Spring wheat

As planting continues to progress across the Northern Plains, the spring wheat market has shown signs of getting a bit stronger.

“We have seen a little strength over the last few days, which is a positive,” said Erica Olson, marketing specialist for the North Dakota Wheat Commission.

The Minneapolis futures price for July dropped down to nearly $5 the first week of May, but then bounced back the following week to around $5.25.

“I would love to say that was the low, but there’s too much uncertainty in the market right now,” she said, adding that cash prices are between $4.35-$4.70 per bushel.

The market is also keeping a close watch on planting progress, which to date, is slightly behind last year’s planting pace and well behind average. There wasn’t a lot of progress made in the first full week of May due to cool temperatures, as well as some rain and even snow in some areas. On the day Olson provided her report, May 12, conditions looked to be warmer and drier, so hopefully producers will be able to turn things around quickly.

Nationally, about 42 percent of the U.S. spring wheat crop was planted, according to the most recent USDA crop progress report. That’s about 20 percentage points behind the five-year average, but still slightly ahead of last year’s very slow pace.

Spring wheat planting progress has been slowest in North Dakota where only 27 percent of the crop has been planted. That is well off the average of 56 percent for this date.

“We only progressed 12 percentage points from the previous week,” Olson said.

South Dakota planting progress is furthest ahead at 75 percent planted.

About 16 percent of this year’s crop has emerged, which is well behind the average of 30 percent for this time.

“But as we all know, as we get a string of good weather conditions producers can catch up fast,” she said.

Producers in Canada are facing a similar situation as their U.S. counterparts in the Northern Plains with cooler weather conditions and planting just getting started. Stats Canada only released its spring planting intentions report the first week in May. That report held no surprises with the agency pegging acreage for 2020 at 18.8 million acres for spring wheat, which is about steady with last year.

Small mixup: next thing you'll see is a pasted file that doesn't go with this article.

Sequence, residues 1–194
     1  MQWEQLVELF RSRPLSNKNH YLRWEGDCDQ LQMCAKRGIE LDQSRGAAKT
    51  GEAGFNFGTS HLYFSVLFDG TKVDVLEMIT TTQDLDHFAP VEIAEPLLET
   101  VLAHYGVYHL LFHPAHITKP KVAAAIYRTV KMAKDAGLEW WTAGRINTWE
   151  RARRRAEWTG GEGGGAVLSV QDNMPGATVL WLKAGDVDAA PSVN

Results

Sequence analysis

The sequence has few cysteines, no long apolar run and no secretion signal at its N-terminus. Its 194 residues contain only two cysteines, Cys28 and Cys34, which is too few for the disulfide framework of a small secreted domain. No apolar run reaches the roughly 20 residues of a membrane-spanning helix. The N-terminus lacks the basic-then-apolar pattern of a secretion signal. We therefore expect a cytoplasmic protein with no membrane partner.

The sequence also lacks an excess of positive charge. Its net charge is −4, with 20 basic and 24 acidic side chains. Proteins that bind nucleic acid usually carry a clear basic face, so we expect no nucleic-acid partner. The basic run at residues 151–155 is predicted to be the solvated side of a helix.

There were slight increases for durum and winter wheat in the report.

In its May WASDE report (World Agricultural Supply and Demand Estimate), USDA made a few changes to 2019-20 numbers before it gave its first production and outlook numbers for 2020. USDA increased domestic use by 7 million bushels (MB), which was due to higher flour consumption lately. USDA also reduced exports by 15 MB, putting the new projection down to 970 MB due to declines in hard red winter and hard white wheat export sales.

“At the end of the day ending stocks got bigger by 8 MB,” she said.

Looking specifically at hard red spring wheat numbers, USDA increased domestic use by 7 MB, so ending stocks for that class went down from 250 MB to 243 MB.

Getting into the projections for 2020-21, Olson said the numbers “would be considered slightly bearish for wheat in terms of demand and stocks.” USDA is forecasting 3 percent lower production for U.S. wheat for this year, projecting the crop at 1.87 billion bushels primarily due to lower yields projected for winter wheat.

“It’s very early this time of year and USDA will continue to change the projected yield, but right now the yield is estimated at 49.5 bushels per acre. That compares to 51.7 bushels per acre last year. They don’t separate these numbers by class until July, but they do give a winter wheat projection,” she said. “If we extrapolate for spring wheat and durum, there is a small decline in production forecast for those classes.”

In the supply and demand numbers, domestic use is down 3 percent with higher food use, but lower feed use due to low corn prices and high supplies of corn.

Exports are forecasted to decrease by 20 MB from last year down to 950 MB. That’s due to increasing world wheat production and more competition.

“The demand numbers are not too price positive,” Olson said. “Ending stocks are expected to decline from 978 MB to 909 MB, which is a positive. The price outlook for U.S. wheat is not changing, as USDA is projecting an overall average price of $4.60.

“USDA is anticipating higher world wheat production and higher demand, but still higher ending stocks. In fact, they’re expecting ending stocks to increase by 5 percent to a record 11.4 billion bushels,” she continued.

“None of these numbers are really price positive for wheat, but it’s still very early. For example, the world outlook, they’re forecasting an increase in production for a lot of the major producers including Argentina, Australia, Canada and Russia, and we know that can change quickly,” she added.

There are a few worldwide concerns the industry has been watching lately, including the fact there are a lot of the dry areas in Europe and the Black Sea region. Those areas have gotten rain so that has alleviated some concerns.

“There are also concerns about freeze damage to the hard red winter wheat crop, but we likely won’t know the full extent until harvest time,” she said. Also, the delayed planting of the spring wheat crop will continue to be watched.

Looking at current export sales, the most recent report came in a bit lower than the previous week. Olson noted the U.S. had 14 MB of new sales, with spring wheat accounting for just over half of those with the largest buyer being Vietnam, the Philippines, Japan and also a fair amount was listed as unknown at this time.

“So there’s still good demand. Spring wheat sales were up about 11 percent compared to a year ago,” she said.